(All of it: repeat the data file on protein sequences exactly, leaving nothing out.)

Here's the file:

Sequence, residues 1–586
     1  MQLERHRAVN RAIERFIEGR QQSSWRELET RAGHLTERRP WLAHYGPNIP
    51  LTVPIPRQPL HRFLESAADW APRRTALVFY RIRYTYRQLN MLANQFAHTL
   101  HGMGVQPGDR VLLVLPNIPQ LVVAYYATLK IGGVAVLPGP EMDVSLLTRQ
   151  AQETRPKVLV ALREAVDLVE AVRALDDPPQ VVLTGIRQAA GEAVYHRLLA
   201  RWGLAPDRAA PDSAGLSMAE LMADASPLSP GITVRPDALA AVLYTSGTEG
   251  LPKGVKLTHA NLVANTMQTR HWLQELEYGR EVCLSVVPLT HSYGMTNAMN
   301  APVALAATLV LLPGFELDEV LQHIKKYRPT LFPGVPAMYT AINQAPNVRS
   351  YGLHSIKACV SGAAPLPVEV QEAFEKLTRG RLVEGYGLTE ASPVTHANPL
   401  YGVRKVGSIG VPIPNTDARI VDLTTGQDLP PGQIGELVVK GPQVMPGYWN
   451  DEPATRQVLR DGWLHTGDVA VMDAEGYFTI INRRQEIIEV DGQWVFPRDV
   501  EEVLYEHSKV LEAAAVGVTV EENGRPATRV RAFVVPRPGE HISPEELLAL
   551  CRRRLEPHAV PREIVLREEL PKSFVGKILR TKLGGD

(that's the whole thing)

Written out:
Sequence, residues 1–586
     1  MQLERHRAVN RAIERFIEGR QQSSWRELET RAGHLTERRP WLAHYGPNIP
    51  LTVPIPRQPL HRFLESAADW APRRTALVFY RIRYTYRQLN MLANQFAHTL
   101  HGMGVQPGDR VLLVLPNIPQ LVVAYYATLK IGGVAVLPGP EMDVSLLTRQ
   151  AQETRPKVLV ALREAVDLVE AVRALDDPPQ VVLTGIRQAA GEAVYHRLLA
   201  RWGLAPDRAA PDSAGLSMAE LMADASPLSP GITVRPDALA AVLYTSGTEG
   251  LPKGVKLTHA NLVANTMQTR HWLQELEYGR EVCLSVVPLT HSYGMTNAMN
   301  APVALAATLV LLPGFELDEV LQHIKKYRPT LFPGVPAMYT AINQAPNVRS
   351  YGLHSIKACV SGAAPLPVEV QEAFEKLTRG RLVEGYGLTE ASPVTHANPL
   401  YGVRKVGSIG VPIPNTDARI VDLTTGQDLP PGQIGELVVK GPQVMPGYWN
   451  DEPATRQVLR DGWLHTGDVA VMDAEGYFTI INRRQEIIEV DGQWVFPRDV
   501  EEVLYEHSKV LEAAAVGVTV EENGRPATRV RAFVVPRPGE HISPEELLAL
   551  CRRRLEPHAV PREIVLREEL PKSFVGKILR TKLGGD